You could physically feel the political ground shifting last week as Chicago Mayor Richard M. Daley announced he would no longer accept campaign contributions from city contractors and members of their immediate families.
The reaction by the Religious Right to the passage of a gay-rights law in Illinois has been predictably loud and aggrieved. But the law's critics have universally zeroed in on one key argument - a claim that churches and religious institutions will now be forced by the government to hire gays and lesbians.
Red Burchyett is getting his wheelchair and his job back. That's good news for Mr. Burchyett, who was laid off several weeks ago from his mechanic's job at the Illinois Department of Natural Resources (DNR).
Politics is a numbers game. And votes, dollars, and favors are the only numbers that matter. The boys who play politics at the street level never forget their numbers. They can tell you how many votes they pulled out of Precinct 22 three elections ago, or how much money they raised for some nobody judge in '96, or the name of their neighbor's mother's cousin that they helped out of that jam that one time.
Illinois Governor Rod Blagojevich tends to bring out the worst in people. A good example of this would be a malicious and false rumor that made the rounds about the governor a couple of months ago. My phone rang off the hook for days as people called to fill me in about the latest variation on the theme.
The ongoing Illinois drama over the medical-malpractice-reform debate intensified last week when President George W. Bush paid a visit to Madison County. Yes, that Madison County - the favored courtroom home to many of the nation's wealthiest trial lawyers, made universally infamous by the multi-billion-dollar class-action lawsuits filed over asbestos and Marlboro Lights, and the focus of a multi-million-dollar Supreme Court race last year that featured both candidates accusing each other of being soft on child molesters in front of a backdrop of stories about small-town hospitals closing their doors and doctors fleeing to neighboring states, and ending with the trial lawyers' hand-picked Democratic candidate losing both the campaign and his appellate court seat, which then spun off a bizarre sequel when the loser immediately filed a nine-figure defamation lawsuit against his opponent's financial backers.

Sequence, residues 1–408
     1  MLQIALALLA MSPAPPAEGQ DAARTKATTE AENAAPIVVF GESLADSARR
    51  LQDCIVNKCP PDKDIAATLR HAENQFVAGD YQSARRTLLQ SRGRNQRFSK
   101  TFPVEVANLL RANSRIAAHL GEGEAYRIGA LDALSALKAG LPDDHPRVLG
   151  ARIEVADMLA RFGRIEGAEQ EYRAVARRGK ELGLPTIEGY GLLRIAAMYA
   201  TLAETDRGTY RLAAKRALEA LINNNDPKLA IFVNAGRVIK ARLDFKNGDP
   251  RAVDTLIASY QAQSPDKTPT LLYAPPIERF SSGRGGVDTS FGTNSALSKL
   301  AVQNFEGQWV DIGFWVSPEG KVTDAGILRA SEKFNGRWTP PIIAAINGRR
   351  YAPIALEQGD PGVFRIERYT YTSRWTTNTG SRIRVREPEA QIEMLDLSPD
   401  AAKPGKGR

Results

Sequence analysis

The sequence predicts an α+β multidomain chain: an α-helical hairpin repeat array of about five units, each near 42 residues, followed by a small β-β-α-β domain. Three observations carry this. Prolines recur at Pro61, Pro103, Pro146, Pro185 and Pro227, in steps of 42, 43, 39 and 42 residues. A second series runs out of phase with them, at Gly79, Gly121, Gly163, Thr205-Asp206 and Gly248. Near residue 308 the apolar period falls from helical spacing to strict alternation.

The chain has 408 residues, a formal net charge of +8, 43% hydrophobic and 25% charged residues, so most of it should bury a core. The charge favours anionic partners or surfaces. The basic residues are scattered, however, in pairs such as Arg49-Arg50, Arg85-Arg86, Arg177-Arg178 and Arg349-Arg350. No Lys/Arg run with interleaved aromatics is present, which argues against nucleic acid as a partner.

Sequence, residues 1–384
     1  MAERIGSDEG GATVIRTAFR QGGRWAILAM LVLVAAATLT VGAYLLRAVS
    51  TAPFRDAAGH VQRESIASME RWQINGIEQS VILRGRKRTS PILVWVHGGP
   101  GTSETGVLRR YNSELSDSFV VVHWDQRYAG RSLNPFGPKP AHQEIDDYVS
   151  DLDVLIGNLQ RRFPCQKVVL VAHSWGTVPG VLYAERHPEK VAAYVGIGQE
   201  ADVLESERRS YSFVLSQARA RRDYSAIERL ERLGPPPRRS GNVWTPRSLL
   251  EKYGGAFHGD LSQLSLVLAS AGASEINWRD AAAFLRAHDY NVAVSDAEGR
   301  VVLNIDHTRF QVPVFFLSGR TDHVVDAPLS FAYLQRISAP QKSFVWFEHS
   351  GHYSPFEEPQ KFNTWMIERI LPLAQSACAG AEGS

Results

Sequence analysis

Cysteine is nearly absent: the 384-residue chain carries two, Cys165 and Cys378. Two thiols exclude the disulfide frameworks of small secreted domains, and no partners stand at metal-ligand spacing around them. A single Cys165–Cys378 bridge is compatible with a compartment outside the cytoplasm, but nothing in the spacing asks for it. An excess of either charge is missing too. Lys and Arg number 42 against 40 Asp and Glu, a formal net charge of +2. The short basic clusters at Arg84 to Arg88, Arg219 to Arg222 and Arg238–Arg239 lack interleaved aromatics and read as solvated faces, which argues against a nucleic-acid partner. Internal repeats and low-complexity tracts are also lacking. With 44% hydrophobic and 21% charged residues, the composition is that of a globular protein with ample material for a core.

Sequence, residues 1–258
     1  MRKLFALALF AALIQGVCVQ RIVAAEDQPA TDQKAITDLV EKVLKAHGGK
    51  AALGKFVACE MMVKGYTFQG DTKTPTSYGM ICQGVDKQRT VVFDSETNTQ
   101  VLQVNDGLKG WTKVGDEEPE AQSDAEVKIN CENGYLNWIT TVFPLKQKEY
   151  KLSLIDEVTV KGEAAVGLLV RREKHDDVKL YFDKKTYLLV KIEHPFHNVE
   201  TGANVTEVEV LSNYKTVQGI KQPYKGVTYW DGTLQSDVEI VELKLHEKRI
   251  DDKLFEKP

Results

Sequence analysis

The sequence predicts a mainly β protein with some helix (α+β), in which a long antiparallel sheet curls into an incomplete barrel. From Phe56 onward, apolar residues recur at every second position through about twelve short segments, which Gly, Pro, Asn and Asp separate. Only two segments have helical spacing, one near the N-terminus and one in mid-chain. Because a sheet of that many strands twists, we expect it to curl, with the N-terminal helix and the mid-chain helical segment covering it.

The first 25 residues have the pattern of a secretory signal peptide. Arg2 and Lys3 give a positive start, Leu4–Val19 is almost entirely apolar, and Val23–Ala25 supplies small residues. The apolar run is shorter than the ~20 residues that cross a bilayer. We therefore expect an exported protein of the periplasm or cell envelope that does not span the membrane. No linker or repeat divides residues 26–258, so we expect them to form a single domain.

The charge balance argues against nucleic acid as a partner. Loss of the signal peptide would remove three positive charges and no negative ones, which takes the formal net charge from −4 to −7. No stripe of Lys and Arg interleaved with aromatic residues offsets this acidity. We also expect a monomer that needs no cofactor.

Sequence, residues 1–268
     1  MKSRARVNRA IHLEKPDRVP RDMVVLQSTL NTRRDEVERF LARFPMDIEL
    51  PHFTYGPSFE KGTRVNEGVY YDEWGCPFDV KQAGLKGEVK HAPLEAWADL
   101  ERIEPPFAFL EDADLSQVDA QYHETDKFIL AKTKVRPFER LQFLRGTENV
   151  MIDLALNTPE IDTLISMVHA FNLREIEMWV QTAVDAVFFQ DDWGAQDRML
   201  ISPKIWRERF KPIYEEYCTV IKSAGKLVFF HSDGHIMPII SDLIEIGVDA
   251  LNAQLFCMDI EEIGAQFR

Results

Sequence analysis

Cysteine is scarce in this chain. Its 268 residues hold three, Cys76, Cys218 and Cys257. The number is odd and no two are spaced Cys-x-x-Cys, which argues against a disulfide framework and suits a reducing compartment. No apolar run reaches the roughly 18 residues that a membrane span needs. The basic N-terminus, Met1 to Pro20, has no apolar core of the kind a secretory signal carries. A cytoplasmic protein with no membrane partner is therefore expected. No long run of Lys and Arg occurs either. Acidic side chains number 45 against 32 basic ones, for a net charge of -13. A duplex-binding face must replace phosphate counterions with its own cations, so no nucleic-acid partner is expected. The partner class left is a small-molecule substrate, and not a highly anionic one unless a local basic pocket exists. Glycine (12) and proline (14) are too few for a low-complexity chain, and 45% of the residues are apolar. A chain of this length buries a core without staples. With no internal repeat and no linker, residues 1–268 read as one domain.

In my opinion, 2004 was the weirdest year in Illinois political history. January: Governor Rod Blagojevich used most of his State of the State address to blast the State Board of Education for being a "Soviet-style" bureaucracy - the first time a sitting governor red-baited a state agency.
It was probably no accident that Governor Rod Blagojevich chose a Naperville school last week to unveil his proposal to criminalize the sale or rental of violent and sexually explicit video games to minors. If he had used an impoverished inner-city school as a backdrop, the assembled parents might have asked him about the real-life violence that their children face every day.
Illinois House Speaker Michael Madigan is widely believed to be the teachers' unions' best friend. Madigan passed the "temporary" income-tax surcharge years ago, which earmarked half of the new money for schools.
The dust isn't even settled yet from the 2004 campaign, but candidates are already lining up for the 2006 race. You and I might be sick of campaign news, but to these people the game is just beginning. Joe Birkett, the DuPage County state's attorney who narrowly lost the 2002 attorney general's race to Democrat Lisa Madigan, sent a letter to Republican leaders late last month telling them he is looking forward to being on the statewide ticket.

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